Living with Disability

Millions of people around the world are living with disability in their lives each day. They somehow manage to do many common daily activities with only a few changes in how they do these things. Both children and adults are affected by disabilities that range from physical disabilities which include blindness or vision impairment, hearing impairments, chronic and severe health problems to mental disabilities, including depression, autism, and others.

The U.S. Government employs many disabled workers – over 200,000 people equaling seven percent of all federal employees. The Americans With Disabilities Act (ADA) requires all government agencies to hire qualified disabled workers to fulfill agency diversity goals. The Federal Government employs workers with mental retardation, with severe physical disabilities, and those who have recovered from mental illnesses. In addition, every state has a Vocational Rehabilitation Department that provides training for those with disabilities, including computer training to make finding employment an easier task.

Living With DisabilityAdults with disabilities who are searching for employment may approach the Bureau of Rehabilitation for help in their efforts. Disabilities from birth as well as those from accidents, strokes, and other events may require rehabilitative measures. Some of the services that they provide to help disabled persons are fitting work chairs and complete work stations to the comfort of the person. If someone cannot use their hands, the Bureau of Rehabilitation will often provide alternate means for them, such as communication boards so that the person can press a button to communicate.

Disabled adults may also work at home from a specialized chair and computer, if a physical disability prevents them from commuting daily to an office building. The advancement of technology and of the Internet in particular, have made it possible for many disabled persons to work from home who were not able to do so before. There are federal and state funds available for making work sites more available to the disabled – both in their homes and in work places.

Many private employers also seek disabled employees to hire for various positions. Those with mental retardation can be trained as grocery store baggers, greeters, and stockers, while other individuals with physical limitations can work in offices using computer software as accountants or other office workers. Some disabled individuals are allowed to have their interpreter (often in sign language) or aide accompany them to work in certain conditions. This person acts as the connection between the worker and employer.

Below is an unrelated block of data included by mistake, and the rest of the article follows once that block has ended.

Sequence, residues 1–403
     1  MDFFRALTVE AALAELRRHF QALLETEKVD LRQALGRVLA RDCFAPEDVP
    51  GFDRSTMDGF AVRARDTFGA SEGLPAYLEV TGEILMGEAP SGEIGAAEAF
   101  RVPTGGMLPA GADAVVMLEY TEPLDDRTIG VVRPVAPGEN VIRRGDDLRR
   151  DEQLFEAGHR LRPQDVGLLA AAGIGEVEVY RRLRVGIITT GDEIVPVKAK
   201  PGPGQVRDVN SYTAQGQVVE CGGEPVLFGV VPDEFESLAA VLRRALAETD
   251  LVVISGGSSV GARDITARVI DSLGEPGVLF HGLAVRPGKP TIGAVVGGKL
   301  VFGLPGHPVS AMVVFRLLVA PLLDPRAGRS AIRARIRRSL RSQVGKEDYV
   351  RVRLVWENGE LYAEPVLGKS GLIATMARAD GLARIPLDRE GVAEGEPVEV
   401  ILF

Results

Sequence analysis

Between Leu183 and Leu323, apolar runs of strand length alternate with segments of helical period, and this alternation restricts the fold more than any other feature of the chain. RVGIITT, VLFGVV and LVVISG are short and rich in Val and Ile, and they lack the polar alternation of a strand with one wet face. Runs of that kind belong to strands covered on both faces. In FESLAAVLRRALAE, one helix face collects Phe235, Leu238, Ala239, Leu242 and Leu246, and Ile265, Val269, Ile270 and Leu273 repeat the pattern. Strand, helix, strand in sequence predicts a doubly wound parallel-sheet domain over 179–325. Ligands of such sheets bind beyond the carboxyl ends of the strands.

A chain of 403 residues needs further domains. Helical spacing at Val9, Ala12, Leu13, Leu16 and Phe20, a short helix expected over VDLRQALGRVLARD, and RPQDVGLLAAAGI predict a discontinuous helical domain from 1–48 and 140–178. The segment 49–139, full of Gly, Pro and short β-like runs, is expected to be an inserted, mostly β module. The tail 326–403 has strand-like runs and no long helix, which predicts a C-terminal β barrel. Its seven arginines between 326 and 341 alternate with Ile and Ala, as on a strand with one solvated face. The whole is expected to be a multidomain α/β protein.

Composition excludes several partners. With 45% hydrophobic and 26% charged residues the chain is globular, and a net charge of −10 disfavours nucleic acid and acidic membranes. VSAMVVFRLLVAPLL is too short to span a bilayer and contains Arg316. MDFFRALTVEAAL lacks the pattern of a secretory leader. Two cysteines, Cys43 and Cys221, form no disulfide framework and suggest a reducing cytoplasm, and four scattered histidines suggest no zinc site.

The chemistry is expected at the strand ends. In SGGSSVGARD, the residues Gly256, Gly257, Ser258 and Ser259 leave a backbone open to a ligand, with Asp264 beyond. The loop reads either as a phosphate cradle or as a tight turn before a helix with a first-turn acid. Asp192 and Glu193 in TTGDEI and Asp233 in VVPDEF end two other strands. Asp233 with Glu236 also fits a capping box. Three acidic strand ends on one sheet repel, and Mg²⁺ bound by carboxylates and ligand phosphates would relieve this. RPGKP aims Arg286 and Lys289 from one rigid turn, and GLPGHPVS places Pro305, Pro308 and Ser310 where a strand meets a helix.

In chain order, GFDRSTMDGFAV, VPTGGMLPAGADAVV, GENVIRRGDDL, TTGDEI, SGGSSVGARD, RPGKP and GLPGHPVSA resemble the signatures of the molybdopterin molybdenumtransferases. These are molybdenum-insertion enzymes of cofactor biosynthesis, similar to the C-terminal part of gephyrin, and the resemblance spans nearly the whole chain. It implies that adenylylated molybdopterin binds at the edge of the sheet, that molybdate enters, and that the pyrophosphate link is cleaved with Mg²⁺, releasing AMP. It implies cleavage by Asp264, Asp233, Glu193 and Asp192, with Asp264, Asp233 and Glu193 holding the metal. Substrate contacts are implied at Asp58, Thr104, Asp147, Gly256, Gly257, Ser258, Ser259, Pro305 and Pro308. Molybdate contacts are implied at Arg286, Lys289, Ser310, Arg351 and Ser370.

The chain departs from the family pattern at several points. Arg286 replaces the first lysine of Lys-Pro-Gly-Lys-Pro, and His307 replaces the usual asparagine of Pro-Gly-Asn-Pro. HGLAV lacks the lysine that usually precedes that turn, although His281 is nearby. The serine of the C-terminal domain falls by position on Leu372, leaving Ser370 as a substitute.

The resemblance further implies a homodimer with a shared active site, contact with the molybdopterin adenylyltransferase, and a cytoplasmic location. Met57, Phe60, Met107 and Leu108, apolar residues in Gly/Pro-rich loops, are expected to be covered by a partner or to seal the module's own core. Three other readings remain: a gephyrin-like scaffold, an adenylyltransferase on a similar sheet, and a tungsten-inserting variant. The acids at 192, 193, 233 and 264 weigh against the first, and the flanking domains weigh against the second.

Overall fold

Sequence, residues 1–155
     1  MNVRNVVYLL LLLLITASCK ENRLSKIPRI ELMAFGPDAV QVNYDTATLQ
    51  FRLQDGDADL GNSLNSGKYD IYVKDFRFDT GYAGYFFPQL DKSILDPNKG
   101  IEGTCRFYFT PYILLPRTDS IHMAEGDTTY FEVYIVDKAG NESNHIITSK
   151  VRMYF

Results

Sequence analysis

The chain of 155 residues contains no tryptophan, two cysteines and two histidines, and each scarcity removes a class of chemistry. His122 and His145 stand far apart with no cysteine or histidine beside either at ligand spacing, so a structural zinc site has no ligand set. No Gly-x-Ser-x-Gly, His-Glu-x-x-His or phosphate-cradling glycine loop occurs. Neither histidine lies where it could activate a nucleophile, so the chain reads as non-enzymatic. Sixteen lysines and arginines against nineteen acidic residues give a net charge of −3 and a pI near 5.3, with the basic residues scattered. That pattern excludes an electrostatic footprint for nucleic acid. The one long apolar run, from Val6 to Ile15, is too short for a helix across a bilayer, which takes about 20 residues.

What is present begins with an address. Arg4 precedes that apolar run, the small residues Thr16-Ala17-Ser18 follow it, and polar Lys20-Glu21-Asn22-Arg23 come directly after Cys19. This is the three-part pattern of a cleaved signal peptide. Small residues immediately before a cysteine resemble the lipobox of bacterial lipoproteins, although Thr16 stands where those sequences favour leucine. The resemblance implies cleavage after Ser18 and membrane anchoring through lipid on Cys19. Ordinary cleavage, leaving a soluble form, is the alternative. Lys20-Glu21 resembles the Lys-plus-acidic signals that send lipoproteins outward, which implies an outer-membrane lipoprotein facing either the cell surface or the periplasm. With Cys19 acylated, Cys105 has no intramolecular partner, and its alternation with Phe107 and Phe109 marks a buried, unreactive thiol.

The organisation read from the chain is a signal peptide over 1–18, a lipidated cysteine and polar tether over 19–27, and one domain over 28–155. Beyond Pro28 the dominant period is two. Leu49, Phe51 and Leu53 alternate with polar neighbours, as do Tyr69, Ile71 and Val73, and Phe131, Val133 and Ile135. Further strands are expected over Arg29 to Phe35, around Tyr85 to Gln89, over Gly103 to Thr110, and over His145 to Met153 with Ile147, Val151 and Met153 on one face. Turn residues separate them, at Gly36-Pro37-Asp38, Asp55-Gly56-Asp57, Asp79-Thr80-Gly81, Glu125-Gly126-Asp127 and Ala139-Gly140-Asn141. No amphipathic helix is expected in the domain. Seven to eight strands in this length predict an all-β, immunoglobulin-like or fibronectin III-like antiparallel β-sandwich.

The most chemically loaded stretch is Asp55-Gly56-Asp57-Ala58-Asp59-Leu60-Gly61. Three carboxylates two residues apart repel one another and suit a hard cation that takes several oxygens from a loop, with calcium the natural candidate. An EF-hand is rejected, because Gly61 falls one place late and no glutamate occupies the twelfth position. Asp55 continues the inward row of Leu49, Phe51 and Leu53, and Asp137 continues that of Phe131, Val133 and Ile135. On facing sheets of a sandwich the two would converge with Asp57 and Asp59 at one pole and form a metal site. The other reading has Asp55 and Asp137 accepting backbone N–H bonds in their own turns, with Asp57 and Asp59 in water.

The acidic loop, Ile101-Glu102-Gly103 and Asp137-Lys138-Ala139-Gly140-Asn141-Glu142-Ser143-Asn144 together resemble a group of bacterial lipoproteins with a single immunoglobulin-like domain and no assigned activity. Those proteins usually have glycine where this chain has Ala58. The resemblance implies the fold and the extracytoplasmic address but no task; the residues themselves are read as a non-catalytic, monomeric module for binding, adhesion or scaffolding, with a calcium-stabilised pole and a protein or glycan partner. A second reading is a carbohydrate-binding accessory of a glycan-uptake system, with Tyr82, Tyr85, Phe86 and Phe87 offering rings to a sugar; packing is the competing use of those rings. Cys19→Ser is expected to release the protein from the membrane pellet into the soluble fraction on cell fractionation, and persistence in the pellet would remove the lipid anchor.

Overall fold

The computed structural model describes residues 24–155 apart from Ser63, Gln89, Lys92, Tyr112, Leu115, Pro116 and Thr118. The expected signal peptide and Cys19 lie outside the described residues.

Children in the U.S. who suffer from any type of disability, including autism, receive excellent educational services, beginning at the preschool level. Physical and psychological evaluations are usually the first step in this process so that children can be placed in programs that will best suit their needs. Once a child is in elementary school, the educational goal is to include the student in the regular classroom whenever possible by equipping the classroom for special needs. This policy, called Inclusion, enables a child with a disability to receive the same educational opportunities as all other children, rather than being in a class of students who are all disabled and have special needs.

Students with limited learning abilities are encouraged to succeed at meeting their goals within the realm of their capabilities. For example, students who are mildly mentally retarded are able to learn life skills for independent living. They are also taught how to perform job tasks that will prepare them for employment. With supportive and helpful educational programs, these individuals are able to live their lives normally, or almost normally.

Many students with physical disabilities have very high capacities to succeed academically, so they are assisted in any way that will help them meet the goals in academic excellence that teachers and parents set for them.